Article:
One of the community based art mandalas installed along the side of raised community garden beds on front lawn at city hall.  This one is bike-inspired where cycling has its place in network of roads. Vancouver  BC 2010. Photo by HJEH Becker

One of the community based art mandalas installed along the side of raised community garden beds on front lawn at city hall. This one is bike-inspired where cycling has its place in network of roads. Vancouver BC 2010. Photo by HJEH Becker

 The art work was created from city sponsored 2010 summer art program in the Mount Pleasant area for residents and the homeless. The Cycleback Art Outreach Program was led by effusive Jamie Ollivier who cycled around on his recumbent bike, with art supplies to community centres and parks to deliver his program to adults, teens and children as well as the homeless.  The bike art work is a fitting flourish for the community gardens and for  Mayor Robertson’s vision of Vancouver as Greenest City, since he was a farmer and still a long time, daily bike commuter between home and city hall. 

More bike-themed mandala art. City hall community gardens. Vancouver, BC. Photo by HJEH Becker

More bike-themed mandala art. City hall community gardens. 2010 Vancouver, BC. Photo by HJEH Becker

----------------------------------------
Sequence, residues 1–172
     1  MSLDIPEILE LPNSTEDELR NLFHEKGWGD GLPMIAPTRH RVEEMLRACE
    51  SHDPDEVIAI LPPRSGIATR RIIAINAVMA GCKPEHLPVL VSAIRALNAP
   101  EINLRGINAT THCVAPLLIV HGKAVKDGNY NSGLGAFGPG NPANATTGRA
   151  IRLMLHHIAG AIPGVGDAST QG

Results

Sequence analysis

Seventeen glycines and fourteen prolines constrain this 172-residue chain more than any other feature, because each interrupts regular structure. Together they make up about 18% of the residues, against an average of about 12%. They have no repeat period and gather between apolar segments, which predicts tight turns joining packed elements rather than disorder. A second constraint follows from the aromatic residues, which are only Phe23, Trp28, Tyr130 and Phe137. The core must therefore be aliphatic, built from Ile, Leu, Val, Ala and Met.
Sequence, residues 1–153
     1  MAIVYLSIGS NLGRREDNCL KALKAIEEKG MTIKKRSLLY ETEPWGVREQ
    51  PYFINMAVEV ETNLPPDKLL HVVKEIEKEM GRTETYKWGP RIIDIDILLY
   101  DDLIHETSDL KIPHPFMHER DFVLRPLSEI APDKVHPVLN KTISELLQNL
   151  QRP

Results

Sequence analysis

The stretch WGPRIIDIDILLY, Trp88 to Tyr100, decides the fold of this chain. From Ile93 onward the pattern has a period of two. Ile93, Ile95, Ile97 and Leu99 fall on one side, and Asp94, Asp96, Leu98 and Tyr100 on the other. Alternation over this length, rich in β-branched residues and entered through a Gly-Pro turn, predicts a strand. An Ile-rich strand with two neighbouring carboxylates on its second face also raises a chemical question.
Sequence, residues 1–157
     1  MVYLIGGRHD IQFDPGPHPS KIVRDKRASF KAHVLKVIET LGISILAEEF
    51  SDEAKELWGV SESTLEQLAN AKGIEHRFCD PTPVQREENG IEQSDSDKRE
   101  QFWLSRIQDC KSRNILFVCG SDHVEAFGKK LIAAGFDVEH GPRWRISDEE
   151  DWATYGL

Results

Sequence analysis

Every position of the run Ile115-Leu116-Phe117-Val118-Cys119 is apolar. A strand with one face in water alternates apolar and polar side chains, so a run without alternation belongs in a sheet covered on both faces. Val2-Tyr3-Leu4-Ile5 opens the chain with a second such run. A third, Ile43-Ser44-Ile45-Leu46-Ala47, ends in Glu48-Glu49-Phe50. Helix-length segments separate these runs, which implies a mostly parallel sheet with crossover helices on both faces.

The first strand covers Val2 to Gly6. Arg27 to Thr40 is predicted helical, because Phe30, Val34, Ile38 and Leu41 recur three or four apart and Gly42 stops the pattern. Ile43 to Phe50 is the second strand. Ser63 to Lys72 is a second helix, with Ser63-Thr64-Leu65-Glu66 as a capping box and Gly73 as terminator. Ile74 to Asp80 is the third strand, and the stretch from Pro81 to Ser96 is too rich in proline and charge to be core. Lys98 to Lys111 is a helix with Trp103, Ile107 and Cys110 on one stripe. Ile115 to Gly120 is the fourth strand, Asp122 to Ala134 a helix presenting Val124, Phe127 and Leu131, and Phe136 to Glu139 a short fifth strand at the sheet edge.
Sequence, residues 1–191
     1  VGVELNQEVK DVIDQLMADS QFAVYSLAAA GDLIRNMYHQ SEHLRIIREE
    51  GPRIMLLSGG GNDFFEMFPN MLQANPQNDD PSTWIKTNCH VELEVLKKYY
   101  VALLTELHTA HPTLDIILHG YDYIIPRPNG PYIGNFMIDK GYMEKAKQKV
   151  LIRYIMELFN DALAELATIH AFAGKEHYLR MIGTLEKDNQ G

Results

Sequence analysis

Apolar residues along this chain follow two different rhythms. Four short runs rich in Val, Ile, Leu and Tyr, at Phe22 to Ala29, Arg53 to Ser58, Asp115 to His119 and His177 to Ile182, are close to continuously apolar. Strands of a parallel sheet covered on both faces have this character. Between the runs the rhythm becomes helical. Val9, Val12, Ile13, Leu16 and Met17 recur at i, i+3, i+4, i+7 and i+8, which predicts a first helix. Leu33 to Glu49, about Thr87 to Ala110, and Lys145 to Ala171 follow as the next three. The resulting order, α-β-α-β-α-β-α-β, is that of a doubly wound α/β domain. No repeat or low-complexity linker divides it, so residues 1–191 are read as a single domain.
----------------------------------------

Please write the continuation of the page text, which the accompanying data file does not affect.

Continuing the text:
Bikes and community gardens are really not so far apart. Vancouver’s bike routes are close to many community gardens. There is even a map that helps you check out some gardens by bike. Like sustainable living, eating and travelling, bike art feeds us memories and dreams of unchained bliss.

Note:  There are now over 50 different outdoor bike art works in Metro Vancouver. Other bike art pieces are featured in articles below. 

Additional Articles:
Chong, Jean.   Bike Inspired Outdoor Art. Third Wave Cycling Blog.  Apr. 29, 2010.

Chong, Jean.   Stripping More Metaphorical Wallpaper to Rediscover Outdoor Public Bike Art in Vancouver and beyond. Part 2. Third Wave Cycling Blog. Aug. 24, 2010. 

Chong, Jean.   Stripping More Metaphorical Wallpaper to Rediscover Outdoor Public Bike Art in Vancouver and beyond. Part 3.   Third Wave Cycling Blog. Sept. 6, 2010.

City of Vancouver.  Community Garden Walking and Cycling Tours.  (Self-Guided with map.)

Steil, John.   Public Art in Vancouver: Angels Among Lions: 500+ Works of Art to Discover.   http://www.johnsteil.com